By your definition both my family of native english speakers and my foreign-born wife are not fluent, but my wife is closer to fluency than my family. It seems like some stupid signalling or divvying up of people into hierarchy's based on a very specific and odd definition of fluent. There's a big difference between flawless speaking of a language and fluency. By the standard of "fluency" being put forward for Japanese, I would say I've never met a foreign born Chinese, Japanese or Korean person that can speak flawless english.

If still reading...

Vocabulary is critical for fluency. This is my point about living in Japan only three years with little or now prior study. It isn't enough time to get the major chunk of vocabulary to understand the news and discuss it in any detail. I do not mean flawless, and I have met Japanese with fluent English, and they have lived in English speaking countries a long time.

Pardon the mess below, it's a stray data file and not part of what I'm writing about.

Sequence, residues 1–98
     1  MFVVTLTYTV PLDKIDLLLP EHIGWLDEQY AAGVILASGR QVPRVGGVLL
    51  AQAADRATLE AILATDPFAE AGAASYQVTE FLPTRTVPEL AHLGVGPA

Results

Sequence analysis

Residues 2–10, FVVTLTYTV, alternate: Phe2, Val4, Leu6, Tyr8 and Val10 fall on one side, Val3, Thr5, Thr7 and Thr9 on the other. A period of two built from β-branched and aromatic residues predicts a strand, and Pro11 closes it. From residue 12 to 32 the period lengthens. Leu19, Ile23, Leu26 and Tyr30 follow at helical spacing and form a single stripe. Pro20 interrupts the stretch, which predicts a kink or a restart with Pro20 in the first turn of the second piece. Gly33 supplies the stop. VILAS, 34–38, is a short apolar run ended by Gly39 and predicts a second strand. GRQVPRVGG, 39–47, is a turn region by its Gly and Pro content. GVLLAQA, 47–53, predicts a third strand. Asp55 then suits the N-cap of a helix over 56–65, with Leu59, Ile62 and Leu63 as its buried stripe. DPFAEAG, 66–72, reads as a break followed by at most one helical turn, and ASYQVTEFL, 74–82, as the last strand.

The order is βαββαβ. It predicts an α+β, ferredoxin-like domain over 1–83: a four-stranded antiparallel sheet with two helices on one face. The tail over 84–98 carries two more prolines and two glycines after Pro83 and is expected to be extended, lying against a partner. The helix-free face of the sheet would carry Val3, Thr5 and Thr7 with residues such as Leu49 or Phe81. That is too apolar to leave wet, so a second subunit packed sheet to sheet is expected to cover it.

The word "fluency" *does* signal and sometimes in a misleading way. If you want a fluent American to help with business in Japan, you want someone who can handle meetings, office situations, etc. Not someone where half the conversation is zooming over the guy's head.

There is no broadly shared definition for "fluency." If you mean to function more or less at the level of a native speaker, as in one can work in a somewhat technical field and write in the language, that is a fairly high bar and few learners are harder languages get to that level. That is not the level that say foreign service officers are expected to obtain, because it's not feasible.

However, if Smith studied Japanese for a long time before living there, he may be close to that level. Do you happen to know the details? If not, who gives a shit?